Australian Beefwood


Common Names
Scientific Name
Grevillea striata
Western Australia
Beefwood is a medium to dark reddish brown with lighter reddish grey rays, (perhaps giving it a visual similarity to raw beef: hence the name). Like other woods that exhibit the strongest figure in quartersawn pieces, (such as Sycamore), Beefwood has the most pronounced figure and displays the largest flecks when perfectly quartersawn; this is due to the wood’s large medullary rays, whose layout can be seen the clearest when looking at the endgrain. Has a fairly coarse texture and straight grain. Endgrain: Diffuse-porous; small to medium pores in tangential rows; solitary and tangential multiples of 2-3; deposits in heartwood occasionally present; growth rings indistinct; very wide rays easily visible without lens; parenchyma banded, diffuse-in-aggregates.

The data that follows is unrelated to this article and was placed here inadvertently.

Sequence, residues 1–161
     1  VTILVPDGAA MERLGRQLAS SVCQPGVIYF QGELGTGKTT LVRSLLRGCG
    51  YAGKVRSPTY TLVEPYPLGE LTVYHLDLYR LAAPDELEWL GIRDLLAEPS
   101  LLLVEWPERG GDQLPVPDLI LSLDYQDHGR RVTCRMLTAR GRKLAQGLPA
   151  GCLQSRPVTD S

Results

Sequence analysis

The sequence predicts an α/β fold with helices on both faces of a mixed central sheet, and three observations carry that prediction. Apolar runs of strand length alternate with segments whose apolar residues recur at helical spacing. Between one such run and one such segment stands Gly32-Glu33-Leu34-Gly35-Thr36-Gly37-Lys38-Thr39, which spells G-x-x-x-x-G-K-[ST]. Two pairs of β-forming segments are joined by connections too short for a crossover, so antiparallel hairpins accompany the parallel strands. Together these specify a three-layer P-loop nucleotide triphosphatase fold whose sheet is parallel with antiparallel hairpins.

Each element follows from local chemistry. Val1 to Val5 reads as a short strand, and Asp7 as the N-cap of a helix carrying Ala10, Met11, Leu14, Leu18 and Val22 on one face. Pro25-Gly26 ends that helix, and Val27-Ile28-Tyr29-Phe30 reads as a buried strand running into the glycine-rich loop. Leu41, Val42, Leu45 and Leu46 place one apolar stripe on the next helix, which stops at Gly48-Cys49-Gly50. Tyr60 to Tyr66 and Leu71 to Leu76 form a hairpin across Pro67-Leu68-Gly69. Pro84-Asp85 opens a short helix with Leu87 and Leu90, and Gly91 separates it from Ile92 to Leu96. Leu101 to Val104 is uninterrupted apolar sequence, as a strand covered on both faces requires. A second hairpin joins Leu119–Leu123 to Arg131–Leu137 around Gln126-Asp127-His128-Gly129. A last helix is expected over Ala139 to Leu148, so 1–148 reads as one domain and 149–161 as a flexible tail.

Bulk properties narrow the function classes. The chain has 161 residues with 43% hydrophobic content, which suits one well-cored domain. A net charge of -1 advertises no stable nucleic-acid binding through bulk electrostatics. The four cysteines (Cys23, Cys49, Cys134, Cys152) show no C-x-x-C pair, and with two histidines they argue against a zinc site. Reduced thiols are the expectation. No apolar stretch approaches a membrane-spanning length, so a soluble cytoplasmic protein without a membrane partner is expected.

Avg. Dried Weight
60 lbs/ft3 (965 kg/m3)
Janka Hardness
2420 lbf
Modulus of Rupture
13,630 lbf/in2 (94.0 MPa)
Elastic Modulus
2,030,000 lbf/in2 (14.00 GPa)
Crushing Strength
7,830 lbf/in2 (54.0 MPa)
Radial: 3.5%, Tangential: 5.8%, Volumetric: 9.3%, T/R Ratio: 1.7
No data available.
Fairly difficult to work because of its high density and tendency to tearout during planing. Beefwood turns, glues, and finishes well.

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